Retired C.O. RandoneeRider's Avatar
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    QUESTION:

    I've noticed that bpm, per my POLAR heart rate monitor, may seem to elevate on some hotter rides.... But the differences haven't been significant enough to take note of
    - UNTIL -
    I read goldfinch's post above that mentioned heart rate willl rise in heat.

    So my question would be,
    if I am to monitor myself riding in the heat via my bpm, at what point should I become suspicious, concerned, alerted to an increase of beats per minute???

  21. #21
    Senior Member goldfinch's Avatar
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    Both heat and humidity are most likely going to increase your heart rate. I assume you know the rough calculation of your maximum rate? You cycle within 60 to 90% of that maximum?

    You might check and see if you are getting dehydrated by weighing yourself before and after riding. You might want to weigh yourself naked. Go for your ride. Know exactly how man ounces you drank. Weigh yourself naked when you come back. Figure out how many ounces of water you either drank or lost for how many ounces per mile need to consume.

    (Of course I say all of this and then wimpy me is creeped out by monitoring my heart rate and I just go by how I feel. . . )

    Know the symptoms of heat stroke. I suffered from it many, many years ago and forever I am more susceptible to heat stroke.

    I am leaving off the issue of electrolytes. One issue with drinking a lot of water is that it can throw the electrolyte balance off, leading to "water intoxication." It can be an issue, especially for those of us who are out of shape, exercising a long time and drinking a lot of water, more than what they really need. Here is a link that talks about it: http://sportsmedicine.about.com/od/h...ponatremia.htm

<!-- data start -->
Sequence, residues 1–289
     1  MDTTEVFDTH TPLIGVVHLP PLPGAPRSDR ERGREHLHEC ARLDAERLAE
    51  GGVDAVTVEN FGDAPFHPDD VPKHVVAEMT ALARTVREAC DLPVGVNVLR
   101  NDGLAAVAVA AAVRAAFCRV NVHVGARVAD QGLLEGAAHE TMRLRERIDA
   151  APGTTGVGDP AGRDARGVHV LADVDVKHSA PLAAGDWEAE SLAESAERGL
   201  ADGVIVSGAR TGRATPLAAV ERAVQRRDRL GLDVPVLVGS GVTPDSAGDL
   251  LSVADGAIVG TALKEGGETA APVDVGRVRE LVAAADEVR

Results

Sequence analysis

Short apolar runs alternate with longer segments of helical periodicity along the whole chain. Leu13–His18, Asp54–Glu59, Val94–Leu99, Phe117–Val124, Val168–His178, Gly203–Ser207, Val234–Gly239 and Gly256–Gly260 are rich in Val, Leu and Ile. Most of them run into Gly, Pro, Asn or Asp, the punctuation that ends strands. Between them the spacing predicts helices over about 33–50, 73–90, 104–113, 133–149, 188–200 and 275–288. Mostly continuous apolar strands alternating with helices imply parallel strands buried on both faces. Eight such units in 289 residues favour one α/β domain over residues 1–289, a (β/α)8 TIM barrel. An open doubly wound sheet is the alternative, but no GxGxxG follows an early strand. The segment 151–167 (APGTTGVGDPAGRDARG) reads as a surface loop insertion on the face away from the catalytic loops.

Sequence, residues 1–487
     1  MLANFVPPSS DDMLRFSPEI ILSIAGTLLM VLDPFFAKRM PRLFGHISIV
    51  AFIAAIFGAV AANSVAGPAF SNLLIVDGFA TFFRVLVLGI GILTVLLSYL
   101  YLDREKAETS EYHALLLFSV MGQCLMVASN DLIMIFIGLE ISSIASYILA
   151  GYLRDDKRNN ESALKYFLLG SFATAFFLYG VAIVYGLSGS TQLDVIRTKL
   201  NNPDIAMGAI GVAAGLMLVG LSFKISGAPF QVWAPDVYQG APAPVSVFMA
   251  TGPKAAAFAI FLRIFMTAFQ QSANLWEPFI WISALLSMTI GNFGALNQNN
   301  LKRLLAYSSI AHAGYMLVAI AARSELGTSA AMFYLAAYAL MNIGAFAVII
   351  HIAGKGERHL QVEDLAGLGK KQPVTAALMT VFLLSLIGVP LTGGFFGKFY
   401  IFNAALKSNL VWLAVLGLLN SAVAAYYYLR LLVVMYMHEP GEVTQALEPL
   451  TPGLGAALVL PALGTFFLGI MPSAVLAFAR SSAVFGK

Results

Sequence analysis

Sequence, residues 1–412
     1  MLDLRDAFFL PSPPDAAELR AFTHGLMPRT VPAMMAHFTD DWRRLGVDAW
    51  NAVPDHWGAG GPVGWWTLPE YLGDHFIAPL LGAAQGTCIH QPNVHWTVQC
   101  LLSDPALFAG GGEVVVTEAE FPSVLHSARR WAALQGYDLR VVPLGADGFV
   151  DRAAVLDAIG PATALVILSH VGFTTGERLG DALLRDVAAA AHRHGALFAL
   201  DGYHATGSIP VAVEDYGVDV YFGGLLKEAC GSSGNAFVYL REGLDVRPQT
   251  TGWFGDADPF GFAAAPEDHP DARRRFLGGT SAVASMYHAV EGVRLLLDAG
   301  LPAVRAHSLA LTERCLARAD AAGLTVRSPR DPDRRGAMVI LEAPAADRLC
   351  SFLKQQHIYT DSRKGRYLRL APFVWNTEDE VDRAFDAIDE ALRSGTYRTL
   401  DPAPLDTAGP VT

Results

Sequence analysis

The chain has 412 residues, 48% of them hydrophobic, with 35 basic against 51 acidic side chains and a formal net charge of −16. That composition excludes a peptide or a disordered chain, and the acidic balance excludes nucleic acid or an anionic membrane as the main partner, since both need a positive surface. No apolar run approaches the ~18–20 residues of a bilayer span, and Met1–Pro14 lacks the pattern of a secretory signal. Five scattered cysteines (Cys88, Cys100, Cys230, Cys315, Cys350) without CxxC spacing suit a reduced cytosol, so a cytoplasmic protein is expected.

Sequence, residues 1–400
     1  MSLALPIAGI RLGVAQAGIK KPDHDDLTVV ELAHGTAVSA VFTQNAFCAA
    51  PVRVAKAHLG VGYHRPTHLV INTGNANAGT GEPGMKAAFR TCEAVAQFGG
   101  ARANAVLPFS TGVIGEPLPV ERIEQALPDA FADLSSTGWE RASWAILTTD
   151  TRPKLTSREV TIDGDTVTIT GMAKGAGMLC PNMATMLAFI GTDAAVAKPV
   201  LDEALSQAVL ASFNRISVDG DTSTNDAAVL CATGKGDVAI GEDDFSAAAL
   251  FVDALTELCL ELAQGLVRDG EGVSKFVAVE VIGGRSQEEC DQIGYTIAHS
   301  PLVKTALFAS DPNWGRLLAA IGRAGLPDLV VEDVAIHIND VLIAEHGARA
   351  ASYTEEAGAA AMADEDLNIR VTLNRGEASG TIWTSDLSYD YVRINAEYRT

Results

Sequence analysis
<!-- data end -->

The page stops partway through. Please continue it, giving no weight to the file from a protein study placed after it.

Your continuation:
Last edited by goldfinch; 07-10-11 at 12:37 PM.

  22. #22
    What, me worry? Telly's Avatar
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    Before starting on this post, I'd like to thank everyone for your advice (Seve, your post was a startling wake-up call, and I appreciate it!).

    I decided to test out my commute (partially) during the hottest hours of the day here (2.00 pm) when the temperature was slightly above 100F (37.5C), and remembering your advice and stories, here are the results:

    Heart-rate: unknown, but I'm buying a monitor ASAP!
    Fatigue: I felt tired almost immediately, as though I was going against
    the wind or uphill, but after finding a steady, slower pace I
    was fine
    Hydration: Plenty before, during (every 15-20 minutes) and after
    Side-effects: Luckily none, except for the slower pace and obvious increase
    in sweating I was doing fine with no dizziness, loss of breath or
    muscle cramps.

    There was significantly less traffic on the road, and I didn't have all the extra weight on the bike which I haul for my commute; have to keep those things in mind on Tuesday when I start off to work mid-day!

    Again, thank you all for the hints, tips, warnings and stories... if it wasn't for this forum I would still be driving myself to an early grave (pun intended!) lol

  23. #23
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    NEVER too hot to ride. Columbia SC...We've had 45+ straight days of 90degree heat. This morning at 6am I started sweating loading rolling the bike out of the garage. Just drink, constantly. For mid afternoon rides I've got two bottle racks on the frame and two on the back of the seat. That gets me at least 30 miles in the 95degree95%humidity joy that we call summer.

    Also: To quote the rules....HTFU.
    Why is abbreviation such a long word?

  24. #24
    Retired C.O. RandoneeRider's Avatar
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    95 degrees 95%humidity ???!!







    5

  25. #25
    Junior Member Kiwikat's Avatar
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    I said to myself that it was too hot and humid to ride today but I got myself out and did the whole local trail anyways. I really don't like riding when the DP is above 70. Actual air temperature doesn't seem to bother me at all, just the humidity. I did go through more water than usual tonight. I should have probably brought a second bottle.